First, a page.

Some of these are essential, while others are used to deliver you an optimised shopping experience.
Bitter almond oil is a pale yellow essential oil with a potent fruity-almond aroma, derived from the seed kernels of the bitter almond tree (Prunus dulcis var. amara). It can be used as a fragrance ingredient in essential oil blends for personal care products.
Prunus dulcis, commonly known as almond, is a deciduous species in the rose family (Rosaceae) native to parts of the Middle East and cultivated globally as a food crop. Trees favour Mediterranean or temperate climates, growing 4 - 10 meters tall with serrated leaves and pale pink or white flowers. The fruit is a drupe (stone fruit) with a downy hull, followed by a hard woody shell (called the endocarp) which contains the edible seed known as the almond. Almonds are high in protein, monounsaturated and polyunsaturated fats and contain essential minerals and B vitamins.
The Bitter Almond (Prunus dulcis var. amara) is a cultivar of the almond tree that produces consistently bitter fruit. Harvested almonds undergo a process of dehulling, drying, cracking and cold-pressing followed by steam distillation to extract the volatile oil. Like other stone fruits such as apricots, plums and cherries, bitter almond kernels contain potentially toxic levels of prussic acid, also known as hydrogen cyanide. To address this, the oil is washed with alkaline solutions of iron(II) salts and then re-distilled to remove all traces of prussic acid and eliminate any risk to human health.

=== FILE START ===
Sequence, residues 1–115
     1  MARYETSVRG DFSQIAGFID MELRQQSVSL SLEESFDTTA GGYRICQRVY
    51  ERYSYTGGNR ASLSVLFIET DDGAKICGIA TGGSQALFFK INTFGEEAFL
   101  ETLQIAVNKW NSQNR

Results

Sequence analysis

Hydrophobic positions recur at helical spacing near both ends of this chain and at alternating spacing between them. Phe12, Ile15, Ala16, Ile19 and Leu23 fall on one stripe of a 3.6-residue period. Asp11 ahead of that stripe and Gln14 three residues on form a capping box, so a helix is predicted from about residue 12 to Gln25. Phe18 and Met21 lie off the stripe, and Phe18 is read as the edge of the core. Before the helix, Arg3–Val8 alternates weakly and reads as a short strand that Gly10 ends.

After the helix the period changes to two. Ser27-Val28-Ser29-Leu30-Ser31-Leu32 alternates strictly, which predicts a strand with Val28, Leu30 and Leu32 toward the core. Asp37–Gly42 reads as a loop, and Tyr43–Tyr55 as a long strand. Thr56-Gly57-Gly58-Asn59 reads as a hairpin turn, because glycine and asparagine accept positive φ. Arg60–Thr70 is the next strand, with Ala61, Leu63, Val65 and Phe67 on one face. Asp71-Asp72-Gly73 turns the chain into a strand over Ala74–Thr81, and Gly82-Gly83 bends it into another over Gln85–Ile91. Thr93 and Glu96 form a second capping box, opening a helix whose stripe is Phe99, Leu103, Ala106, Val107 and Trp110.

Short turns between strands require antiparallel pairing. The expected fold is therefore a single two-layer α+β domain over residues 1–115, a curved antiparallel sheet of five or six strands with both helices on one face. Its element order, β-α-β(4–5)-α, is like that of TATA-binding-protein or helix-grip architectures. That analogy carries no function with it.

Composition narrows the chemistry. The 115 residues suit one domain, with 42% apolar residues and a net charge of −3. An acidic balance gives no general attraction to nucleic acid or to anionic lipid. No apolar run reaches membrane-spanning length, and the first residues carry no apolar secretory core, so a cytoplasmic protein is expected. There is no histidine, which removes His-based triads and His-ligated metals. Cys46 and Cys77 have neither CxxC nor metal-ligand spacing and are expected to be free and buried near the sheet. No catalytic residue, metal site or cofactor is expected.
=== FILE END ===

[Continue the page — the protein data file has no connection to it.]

Highly fragrant, bitter almond oil can be used to impart an almond flavour to foods such as marzipan or pastries, or used as a fragrance ingredient in personal care products.
Botanical name: Prunus dulcis var. amara
Other names: Bitter Almond Essence, Bitter Almond Oil, Bitter Almond Kernel Oil, Prunus Amygdalus Amara Oil
Main constituents: Benzaldehyde
Keser, Serhat & Demir, Ersin & Yilmaz, Okkes. (2014). Some Bioactive Compounds and Antioxidant Activities of the Bitter Almond Kernel (Prunus dulcis var. amara). Journal- Chemical Society of Pakistan. 36. 922-930.
Chaouali, N., Gana, I., Dorra, A., Khelifi, F., Nouioui, A., Masri, W., Belwaer, I., Ghorbel, H., & Hedhili, A. (2013). Potential Toxic Levels of Cyanide in Almonds (Prunus amygdalus), Apricot Kernels (Prunus armeniaca), and Almond Syrup. ISRN toxicology, 2013, 610648. https://doi.org/10.1155/2013/610648